Sunday, February 14, 2010

Arm A Gettin’ -- Out

“Ecological Revolution,” by John Bellamy Foster, 2009

Marxist theory has been crossing the desert. Recent Marxist theorists either make contributions so minuscule as to go unnoticed, or make academic ones that barely register in the real world. Anyone who can point to a major contribution by a recent theorist, other than the group around Monthly Review, gets a free drink from me.

Foster, on the other hand, has made a massive breakthrough. Essentially Foster illustrates the strong environmentalism in the work of Marx and Engels; and Foster uses these insights to show that the present environmental crisis cannot be solved under capitalism.

Bourgeois ecologists like Al Gore, petit-bourgeois ‘deep-ecology’ theorists and crude productionist Marxists inspired by the Soviet Union in the 1930s all oppose the idea that Marx cared about sustainability.

Who said this?
“The private property of particular individuals in the earth will appear just as absurd as the private property of one man in other men. Even an entire society, a nation, or all existing societies taken together are not owners of the earth, they are simply its possessors, its beneficiaries, and have to bequeath it in an improved state to succeeding generations, as boni patres familias {good heads of the household}.”
-- Karl Marx, Capital, Vol. III. This is not the ‘young Marx’ but the mature Marx speaking.

Or this?
“…it {is} intolerable that ‘all creatures have been made into property; the fish in the water, the birds in the air, the plants on the earth – all living things must also become free.’ ” Black Elk? Some hippy? No, Marx, approvingly quoting the peasant revolutionary Thomas Muntzer.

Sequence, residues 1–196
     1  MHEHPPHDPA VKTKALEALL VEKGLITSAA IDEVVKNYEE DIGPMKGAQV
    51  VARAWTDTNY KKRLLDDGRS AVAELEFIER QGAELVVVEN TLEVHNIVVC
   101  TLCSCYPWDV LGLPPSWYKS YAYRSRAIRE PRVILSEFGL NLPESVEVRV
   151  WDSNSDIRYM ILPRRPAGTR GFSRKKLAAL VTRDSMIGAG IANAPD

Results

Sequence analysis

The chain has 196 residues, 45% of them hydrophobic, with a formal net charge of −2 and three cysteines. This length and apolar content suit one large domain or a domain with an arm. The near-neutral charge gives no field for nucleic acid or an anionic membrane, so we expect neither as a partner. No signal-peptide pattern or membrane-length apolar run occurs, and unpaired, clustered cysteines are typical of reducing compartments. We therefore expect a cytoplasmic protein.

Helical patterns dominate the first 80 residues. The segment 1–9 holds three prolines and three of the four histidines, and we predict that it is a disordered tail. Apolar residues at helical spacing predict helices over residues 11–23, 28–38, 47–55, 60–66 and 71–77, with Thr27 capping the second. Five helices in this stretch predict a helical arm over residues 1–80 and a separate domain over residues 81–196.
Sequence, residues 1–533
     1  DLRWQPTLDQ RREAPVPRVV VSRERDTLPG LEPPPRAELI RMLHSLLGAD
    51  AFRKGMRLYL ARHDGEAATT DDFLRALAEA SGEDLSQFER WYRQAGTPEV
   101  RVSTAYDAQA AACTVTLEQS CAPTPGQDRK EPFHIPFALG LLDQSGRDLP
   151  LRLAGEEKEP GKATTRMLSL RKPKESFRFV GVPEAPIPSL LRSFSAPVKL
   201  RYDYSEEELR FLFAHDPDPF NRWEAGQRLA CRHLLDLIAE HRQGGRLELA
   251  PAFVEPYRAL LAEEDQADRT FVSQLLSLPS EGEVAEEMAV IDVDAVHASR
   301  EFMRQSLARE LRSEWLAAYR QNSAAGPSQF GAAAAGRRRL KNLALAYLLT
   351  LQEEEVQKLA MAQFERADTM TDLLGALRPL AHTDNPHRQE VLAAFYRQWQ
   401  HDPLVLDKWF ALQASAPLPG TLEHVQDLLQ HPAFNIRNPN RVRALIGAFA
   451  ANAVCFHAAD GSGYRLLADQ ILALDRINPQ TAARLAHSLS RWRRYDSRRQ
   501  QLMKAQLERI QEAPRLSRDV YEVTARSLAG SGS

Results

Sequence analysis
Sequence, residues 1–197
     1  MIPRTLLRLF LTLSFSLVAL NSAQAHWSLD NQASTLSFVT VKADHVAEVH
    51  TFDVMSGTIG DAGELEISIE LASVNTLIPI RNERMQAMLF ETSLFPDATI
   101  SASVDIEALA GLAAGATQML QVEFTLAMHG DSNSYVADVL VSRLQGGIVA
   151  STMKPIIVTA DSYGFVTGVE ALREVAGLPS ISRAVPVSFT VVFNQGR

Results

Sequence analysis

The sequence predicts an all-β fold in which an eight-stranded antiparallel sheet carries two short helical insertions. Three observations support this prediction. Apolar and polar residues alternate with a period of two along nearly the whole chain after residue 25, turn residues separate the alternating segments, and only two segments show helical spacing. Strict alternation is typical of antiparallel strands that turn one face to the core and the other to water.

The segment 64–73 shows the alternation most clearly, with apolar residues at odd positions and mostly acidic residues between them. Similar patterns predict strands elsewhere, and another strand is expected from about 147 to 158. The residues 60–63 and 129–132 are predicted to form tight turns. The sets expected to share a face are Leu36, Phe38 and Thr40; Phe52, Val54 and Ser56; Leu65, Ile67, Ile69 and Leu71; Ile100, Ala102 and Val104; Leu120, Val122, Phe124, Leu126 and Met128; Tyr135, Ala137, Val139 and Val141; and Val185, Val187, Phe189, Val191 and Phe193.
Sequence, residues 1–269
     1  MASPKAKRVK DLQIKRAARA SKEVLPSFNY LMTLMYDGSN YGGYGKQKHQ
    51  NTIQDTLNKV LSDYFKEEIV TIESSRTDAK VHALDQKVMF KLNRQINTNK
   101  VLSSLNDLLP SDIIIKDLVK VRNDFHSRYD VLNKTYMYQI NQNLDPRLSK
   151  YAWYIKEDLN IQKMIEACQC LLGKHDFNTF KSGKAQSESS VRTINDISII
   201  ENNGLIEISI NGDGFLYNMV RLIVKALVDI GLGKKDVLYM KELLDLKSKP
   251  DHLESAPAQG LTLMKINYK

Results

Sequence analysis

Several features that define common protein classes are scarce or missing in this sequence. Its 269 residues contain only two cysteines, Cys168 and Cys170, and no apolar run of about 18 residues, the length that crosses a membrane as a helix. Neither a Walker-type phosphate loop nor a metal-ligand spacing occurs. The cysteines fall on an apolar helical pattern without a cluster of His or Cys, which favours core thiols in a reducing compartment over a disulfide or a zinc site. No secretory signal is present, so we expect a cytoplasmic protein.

Marx observed that capital introduced alienation, not just of labor, but between the earth and society. Both the soil and labor were exploited for essentially private profit. Marx, basing his work on Liebig, a German soil chemist, wrote extensively about how soil was exhausted in order to feed the cities, and then the human waste of the cities, instead of being recycled, was thrown in the Thames, polluting the water. He pointed out that the soil of Ireland had been used up for the profit of London. Capitalists scoured the battlefields of Europe for bones, and islands in Peru for guano, until they discovered how to make artificial agricultural fertilizer. And this chemically-based fertilizer, Foster points out, is a non-renewable resource. As is the oil used in the agricultural machines. Foster illustrates how Marx observed that capital creates a ‘metabolic’ rift between society and nature.